CHARLOTTESVILLE, Va. — The October ritual of checking new health insurance rates has never been fun for Karl Quist, who runs a tech startup. But last year, he said when his rate for a plan through Obamacare tripled, “my first reaction was panic.”
On Facebook, he found hundreds of other MBAs, app developers and self-employed professionals struggling with Charlottesville’s highest-in-the-nation rate hikes.They formed “Charlottesville for Reasonable Health Insurance” on Facebook and collected data, made PowerPoint presentations, demanded meetings with insurance executives, grilled state regulators and even got a bill through the Virginia state legislature making it easier to buy less-expensive small business plans.
But with the new rates coming soon — weeks before voters head to the polls in the midterm elections — consumers are bracing for more pain here and across the country. Insurers in Maryland, New York and Washington have already submitted requests for premium increases averaging 19 percent to 30 percent statewide, according to the Kaiser Family Foundation.
It’s an October “surprise” that everyone sees coming, including Democrats trying to take back the House and Senate.
An array of state and national progressive groups are already laying the groundwork to attack Republicans for the expected premium increases. Democratic candidates are running ads on health care more than any other issue. And Senate Democrats recently announced plans to devote the month of August to a messaging campaign on health care costs.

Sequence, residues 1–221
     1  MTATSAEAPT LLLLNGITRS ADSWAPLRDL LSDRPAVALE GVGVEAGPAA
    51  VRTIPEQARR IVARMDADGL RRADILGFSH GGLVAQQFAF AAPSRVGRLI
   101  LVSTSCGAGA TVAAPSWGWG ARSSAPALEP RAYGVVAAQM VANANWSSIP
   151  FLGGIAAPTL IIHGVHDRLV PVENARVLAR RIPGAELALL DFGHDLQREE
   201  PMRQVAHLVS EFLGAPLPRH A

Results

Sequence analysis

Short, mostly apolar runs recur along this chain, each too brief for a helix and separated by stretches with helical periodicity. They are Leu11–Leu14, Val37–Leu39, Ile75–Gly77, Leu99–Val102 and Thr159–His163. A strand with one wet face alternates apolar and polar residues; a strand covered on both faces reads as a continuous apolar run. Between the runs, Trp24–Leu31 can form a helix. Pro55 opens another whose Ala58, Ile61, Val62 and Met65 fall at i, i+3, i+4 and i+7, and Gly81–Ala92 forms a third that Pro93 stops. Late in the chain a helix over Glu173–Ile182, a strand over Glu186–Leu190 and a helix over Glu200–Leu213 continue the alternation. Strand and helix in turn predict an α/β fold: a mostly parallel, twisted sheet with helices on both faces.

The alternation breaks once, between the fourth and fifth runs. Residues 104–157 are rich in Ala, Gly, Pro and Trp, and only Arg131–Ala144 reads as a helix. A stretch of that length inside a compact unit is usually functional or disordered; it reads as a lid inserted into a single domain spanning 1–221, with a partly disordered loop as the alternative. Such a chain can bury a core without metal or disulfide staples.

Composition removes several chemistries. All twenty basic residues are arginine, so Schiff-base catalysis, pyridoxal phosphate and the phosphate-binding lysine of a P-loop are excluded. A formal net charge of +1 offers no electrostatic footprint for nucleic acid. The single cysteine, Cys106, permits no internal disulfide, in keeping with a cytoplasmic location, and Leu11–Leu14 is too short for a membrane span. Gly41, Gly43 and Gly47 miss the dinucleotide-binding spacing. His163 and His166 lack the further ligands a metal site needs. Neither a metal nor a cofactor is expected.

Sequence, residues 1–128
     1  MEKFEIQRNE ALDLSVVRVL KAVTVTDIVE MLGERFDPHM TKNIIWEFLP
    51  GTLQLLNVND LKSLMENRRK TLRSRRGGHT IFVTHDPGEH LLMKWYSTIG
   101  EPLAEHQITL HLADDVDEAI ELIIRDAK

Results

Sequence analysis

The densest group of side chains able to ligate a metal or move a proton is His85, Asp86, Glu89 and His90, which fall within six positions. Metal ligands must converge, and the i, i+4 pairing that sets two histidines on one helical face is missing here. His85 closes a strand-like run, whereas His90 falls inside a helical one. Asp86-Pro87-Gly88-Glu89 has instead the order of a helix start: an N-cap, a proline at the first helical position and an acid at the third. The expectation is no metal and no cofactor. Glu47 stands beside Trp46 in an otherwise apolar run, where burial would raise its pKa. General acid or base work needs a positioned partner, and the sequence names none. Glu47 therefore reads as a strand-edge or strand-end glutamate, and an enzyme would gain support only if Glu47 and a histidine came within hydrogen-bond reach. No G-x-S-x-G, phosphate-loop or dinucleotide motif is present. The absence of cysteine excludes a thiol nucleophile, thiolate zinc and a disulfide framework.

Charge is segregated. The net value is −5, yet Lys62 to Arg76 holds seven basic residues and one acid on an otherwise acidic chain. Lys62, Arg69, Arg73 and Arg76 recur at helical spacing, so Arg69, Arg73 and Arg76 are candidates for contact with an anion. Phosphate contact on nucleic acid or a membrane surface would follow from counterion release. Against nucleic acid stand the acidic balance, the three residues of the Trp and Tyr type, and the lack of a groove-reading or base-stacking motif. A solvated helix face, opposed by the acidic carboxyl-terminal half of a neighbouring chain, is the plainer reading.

“Republicans have backed themselves into a corner,” said Tom Perriello, a Democrat who represented Charlottesville in Congress until he was thrown out of office after voting for the Affordable Care Act in 2010. “Now people are saying keep your hands off my Obamacare.”
In focus groups and polls, Democrats are honing a message that they say will link health care problems to voter skepticism of private insurers, the Republican tax bill and donor influence on policies.
“One argument that has an enormous amount of power with voters is that Trump and the Republicans gave both the insurance companies and the drug companies huge tax cuts — and they’re continuing to jack up people’s costs nevertheless,” said Geoff Garin, a Democratic pollster.
Tim Hogan, a spokesman for liberal group Health Care Voter, said they are preparing a seven-figure ad buy targeting House incumbents who voted for repeal and replace bills last year. The group has collected sign-ups from 600,000 members, who they keep updated with regular news of premium increases and reports linking them to moves by Congress and the White House to weaken Obamacare.
“The efforts from Republicans and Donald Trump to sabotage the health care system are a huge part of this campaign,” he said.
In Charlottesville, the Facebook group’s founders are turning their attention to the elections as well. They’re allying themselves with a Democratic candidate for the area’s open congressional seat — one of four Virginia House races considered highly competitive. Health care is likely to figure prominently in all of them and the state’s Democratic governor, Ralph Northam, has blamed higher rates on the White House’s “active sabotage of the health care system.”